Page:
Plus: Pear teams with a telehealth provider, and a NIDA grant to explore gene therapy for OUD
By Dulcie Ulloa
New & Next: Community
Quest Says Drug-Positive Tests Last Year Were the Highest Since 2001
Each week it seems more concerning info emerges about how the disruption of the past two years has contributed to a rise in substance use. Last week Quest Diagnostics, the country’s largest testing laboratory, said that in 2021 it recorded the highest level of drug positivity in the U.S. workforce in two decades. Analyzing more than 11 million drug tests from January to December of last year, from both private company employees and federal workers, Quest found an overall positivity rate of 4.6%, the highest since 2001 and more than 30% more than 10 years ago.
The sharp rise appears to have been driven largely by marijuana use—positivity for pot was the highest ever recorded, at 3.9% of tests, a 50% increase since 2017. Among workers in safety-sensitive jobs, positive marijuana tests were up 8.9%, amphetamine 7.8% and cocaine 5.0%.
On a relatively promising note, positive tests among the general workforce for harder drugs—such as cocaine, oxycodone and heroin—were down by 30% or more from five years ago. “Our drug testing index reveals several notable trends,” said Barry Sample, PhD, senior science consultant for Quest Diagnostics, “such as increased drug positivity rates in the safety-sensitive workforce, including those performing public safety and national security jobs, as well as higher rates of positivity in individuals tested after on-the-job accidents.”
New & Next: Technology
Pear Therapeutics Partners with Telehealth Providers
Pear Therapeutics, one of the companies at the forefront of prescription digital therapeutics (PDTs) for addiction, is teaming with telehealth providers to widen access to its substance use disorder (SUD) and opioid use disorder (OUD) therapies. Pear’s first telehealth partnership, announced this week, is with addiction treatment provider PursueCare, whose clients will have access to Pear’s prescription-only cognitive behavioral therapeutics reSET and reSET-O, the first-ever FDA-authorized digital therapies for addiction.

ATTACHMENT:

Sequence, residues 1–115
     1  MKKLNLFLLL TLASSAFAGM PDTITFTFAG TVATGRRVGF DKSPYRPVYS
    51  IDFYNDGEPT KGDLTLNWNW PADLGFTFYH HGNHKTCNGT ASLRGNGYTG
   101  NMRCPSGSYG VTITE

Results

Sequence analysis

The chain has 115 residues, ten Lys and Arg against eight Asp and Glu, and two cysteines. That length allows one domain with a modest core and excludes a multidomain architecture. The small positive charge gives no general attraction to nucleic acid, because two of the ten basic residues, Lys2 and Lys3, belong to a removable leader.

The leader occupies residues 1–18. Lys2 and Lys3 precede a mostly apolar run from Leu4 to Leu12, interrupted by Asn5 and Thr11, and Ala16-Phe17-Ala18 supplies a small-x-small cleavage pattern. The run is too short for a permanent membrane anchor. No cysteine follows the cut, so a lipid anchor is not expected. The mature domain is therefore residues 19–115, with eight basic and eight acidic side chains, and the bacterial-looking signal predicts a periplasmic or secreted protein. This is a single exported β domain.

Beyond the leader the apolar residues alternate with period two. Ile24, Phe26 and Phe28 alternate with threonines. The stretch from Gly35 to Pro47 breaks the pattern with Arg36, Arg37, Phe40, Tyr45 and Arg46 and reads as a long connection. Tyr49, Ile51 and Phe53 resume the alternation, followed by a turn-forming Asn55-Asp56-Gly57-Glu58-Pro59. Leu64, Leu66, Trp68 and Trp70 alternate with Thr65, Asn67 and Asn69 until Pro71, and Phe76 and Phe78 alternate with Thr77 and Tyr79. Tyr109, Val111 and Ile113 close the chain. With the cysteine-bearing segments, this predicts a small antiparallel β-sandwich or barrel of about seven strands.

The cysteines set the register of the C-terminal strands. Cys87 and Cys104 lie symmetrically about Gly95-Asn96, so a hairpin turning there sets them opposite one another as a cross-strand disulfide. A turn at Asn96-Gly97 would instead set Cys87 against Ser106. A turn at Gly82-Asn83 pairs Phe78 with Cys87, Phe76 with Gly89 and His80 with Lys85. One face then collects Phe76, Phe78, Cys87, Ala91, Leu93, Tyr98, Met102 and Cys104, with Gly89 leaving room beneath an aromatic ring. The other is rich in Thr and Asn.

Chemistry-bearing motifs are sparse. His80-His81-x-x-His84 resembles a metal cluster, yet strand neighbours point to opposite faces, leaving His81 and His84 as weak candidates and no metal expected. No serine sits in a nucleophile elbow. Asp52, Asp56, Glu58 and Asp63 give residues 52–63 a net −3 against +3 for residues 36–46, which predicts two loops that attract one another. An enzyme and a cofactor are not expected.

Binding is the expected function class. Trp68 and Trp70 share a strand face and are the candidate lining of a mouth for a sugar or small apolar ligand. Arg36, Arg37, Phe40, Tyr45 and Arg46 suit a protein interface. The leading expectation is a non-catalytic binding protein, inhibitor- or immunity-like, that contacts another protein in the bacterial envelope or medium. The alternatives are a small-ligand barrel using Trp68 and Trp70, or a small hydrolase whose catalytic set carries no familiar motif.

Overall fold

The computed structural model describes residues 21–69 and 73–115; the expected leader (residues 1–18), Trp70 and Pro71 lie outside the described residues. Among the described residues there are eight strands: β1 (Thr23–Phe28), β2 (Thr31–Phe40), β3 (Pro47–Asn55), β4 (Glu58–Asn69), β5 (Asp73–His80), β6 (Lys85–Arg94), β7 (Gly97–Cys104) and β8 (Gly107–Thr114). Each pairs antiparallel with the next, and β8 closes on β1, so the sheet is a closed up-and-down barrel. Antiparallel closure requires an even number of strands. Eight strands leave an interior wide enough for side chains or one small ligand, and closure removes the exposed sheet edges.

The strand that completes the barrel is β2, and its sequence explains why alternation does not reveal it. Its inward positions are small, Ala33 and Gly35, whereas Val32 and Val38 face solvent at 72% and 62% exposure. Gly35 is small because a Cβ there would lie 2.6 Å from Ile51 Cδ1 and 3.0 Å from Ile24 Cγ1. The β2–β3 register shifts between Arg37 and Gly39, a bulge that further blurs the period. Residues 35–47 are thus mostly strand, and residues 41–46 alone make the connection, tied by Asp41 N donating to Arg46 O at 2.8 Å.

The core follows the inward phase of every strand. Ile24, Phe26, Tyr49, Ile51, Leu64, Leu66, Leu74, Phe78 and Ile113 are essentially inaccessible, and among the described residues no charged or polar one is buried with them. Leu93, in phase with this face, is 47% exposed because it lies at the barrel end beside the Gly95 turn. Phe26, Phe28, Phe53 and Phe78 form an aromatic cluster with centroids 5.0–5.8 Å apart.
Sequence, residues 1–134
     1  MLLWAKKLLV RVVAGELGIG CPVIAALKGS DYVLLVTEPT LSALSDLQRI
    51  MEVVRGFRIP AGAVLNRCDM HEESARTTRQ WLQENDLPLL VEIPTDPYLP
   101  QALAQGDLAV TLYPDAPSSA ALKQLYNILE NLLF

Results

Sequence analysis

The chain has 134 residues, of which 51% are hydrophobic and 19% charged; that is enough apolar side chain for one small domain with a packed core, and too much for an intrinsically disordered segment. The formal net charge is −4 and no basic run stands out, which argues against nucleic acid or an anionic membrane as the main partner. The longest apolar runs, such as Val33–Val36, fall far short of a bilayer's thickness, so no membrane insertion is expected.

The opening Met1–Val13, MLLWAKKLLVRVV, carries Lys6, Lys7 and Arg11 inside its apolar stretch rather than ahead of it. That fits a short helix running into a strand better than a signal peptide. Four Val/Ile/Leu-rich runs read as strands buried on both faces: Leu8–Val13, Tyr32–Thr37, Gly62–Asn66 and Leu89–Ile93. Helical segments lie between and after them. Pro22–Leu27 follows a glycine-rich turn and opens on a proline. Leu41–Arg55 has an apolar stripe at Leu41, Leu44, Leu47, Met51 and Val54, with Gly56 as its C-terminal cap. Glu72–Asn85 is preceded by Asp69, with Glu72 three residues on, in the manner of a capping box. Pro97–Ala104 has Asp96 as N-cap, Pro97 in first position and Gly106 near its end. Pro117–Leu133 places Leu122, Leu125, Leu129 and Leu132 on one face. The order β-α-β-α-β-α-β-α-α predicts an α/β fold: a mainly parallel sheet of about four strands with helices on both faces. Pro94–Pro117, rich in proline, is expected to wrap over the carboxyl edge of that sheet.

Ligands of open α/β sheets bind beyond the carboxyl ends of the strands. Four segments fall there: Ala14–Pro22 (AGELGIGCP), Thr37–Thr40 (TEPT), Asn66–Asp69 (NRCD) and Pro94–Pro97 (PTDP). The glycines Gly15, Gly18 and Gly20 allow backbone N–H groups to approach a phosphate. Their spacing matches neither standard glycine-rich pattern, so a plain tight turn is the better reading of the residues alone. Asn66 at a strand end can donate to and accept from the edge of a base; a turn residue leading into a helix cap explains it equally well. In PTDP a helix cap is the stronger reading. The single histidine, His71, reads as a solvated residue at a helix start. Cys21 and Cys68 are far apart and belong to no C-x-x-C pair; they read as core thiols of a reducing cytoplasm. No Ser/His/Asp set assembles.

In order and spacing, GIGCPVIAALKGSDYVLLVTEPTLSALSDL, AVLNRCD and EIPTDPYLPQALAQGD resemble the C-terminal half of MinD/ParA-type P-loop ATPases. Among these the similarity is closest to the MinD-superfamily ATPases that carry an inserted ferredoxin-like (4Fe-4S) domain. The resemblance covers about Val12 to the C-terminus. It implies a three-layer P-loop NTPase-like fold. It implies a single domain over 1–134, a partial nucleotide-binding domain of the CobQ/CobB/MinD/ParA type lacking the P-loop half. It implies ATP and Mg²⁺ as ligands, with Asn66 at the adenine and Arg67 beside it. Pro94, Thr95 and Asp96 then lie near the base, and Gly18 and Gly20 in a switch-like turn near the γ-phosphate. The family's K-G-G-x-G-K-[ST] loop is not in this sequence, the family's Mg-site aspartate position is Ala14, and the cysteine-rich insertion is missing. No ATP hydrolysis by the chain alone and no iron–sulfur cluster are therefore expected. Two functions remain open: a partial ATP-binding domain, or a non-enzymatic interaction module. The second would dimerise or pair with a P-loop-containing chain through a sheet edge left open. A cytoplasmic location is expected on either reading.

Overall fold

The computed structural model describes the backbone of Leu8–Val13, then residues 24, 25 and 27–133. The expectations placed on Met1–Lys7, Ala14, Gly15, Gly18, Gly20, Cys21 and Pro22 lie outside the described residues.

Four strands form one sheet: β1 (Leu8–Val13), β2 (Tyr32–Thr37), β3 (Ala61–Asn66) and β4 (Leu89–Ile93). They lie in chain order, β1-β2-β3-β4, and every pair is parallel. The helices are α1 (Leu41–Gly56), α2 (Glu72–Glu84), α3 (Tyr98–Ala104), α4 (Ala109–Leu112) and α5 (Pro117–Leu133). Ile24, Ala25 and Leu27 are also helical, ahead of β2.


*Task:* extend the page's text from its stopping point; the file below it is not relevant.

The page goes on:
Pear’s programs, which are downloadable on a user’s smartphone under the supervision of a clinician, have been shown to be effective outpatient treatments for substance use disorder in clinical trials. Said Pear president and CEO Corey McCann, MD, PhD, “About only one in 10 Americans with a substance use disorder receives any type of specialty treatment. Barriers to care can include not having access to in-person therapy, or long waiting periods to engage care. The power of Pear working with telehealth providers like PursueCare is meeting patients where they are.”
New & Next: Research
The Potential of Gene Therapy for OUD
In the battle against OUD, any new weapon is welcome. The National Institute on Drug Abuse (NIDA) last week announced a $14.7 million grant to fund research by Northeastern University and Copernicus Therapeutics into a novel treatment for OUD in which DNA nanoparticles directed at the brain would be administered through the patient’s nose. In the past, Northeastern and Copernicus have teamed up on studies into how intranasally administered DNA nanoparticles can deliver gene therapies for brain disorders such as Parkinson’s disease.
Researchers hope a similar approach could work for OUD. The procedure, requiring no surgery, could potentially reduce drug cravings and restore the brain’s reward system to normal functioning. A single dose, researchers believe, might be effective for months or even years—making it a useful tool in facilitating recovery and avoiding relapse. Barbara Waszczak, MD, PhD, of Northeastern’s Bouvé College of Health Sciences, will be leading the project.
New & Next: Webinars
Ethics in Addiction Treatment
On April 26, from 4 p.m. to 6 p.m. EDT, Aaron Weiner, PhD, of eCare Behavioral Health Institute, will present the webinar “Modern Ethics in Addiction Treatment” for professionals who treat SUDs. Over its two hours, the program will explore ethical complexities that arise from treating SUDs to help make professionals better prepared. Topics will include drug screening, administrative discharge, harm reduction models and medication-assisted therapy. Participants can earn two CE credits. For more information, go here.
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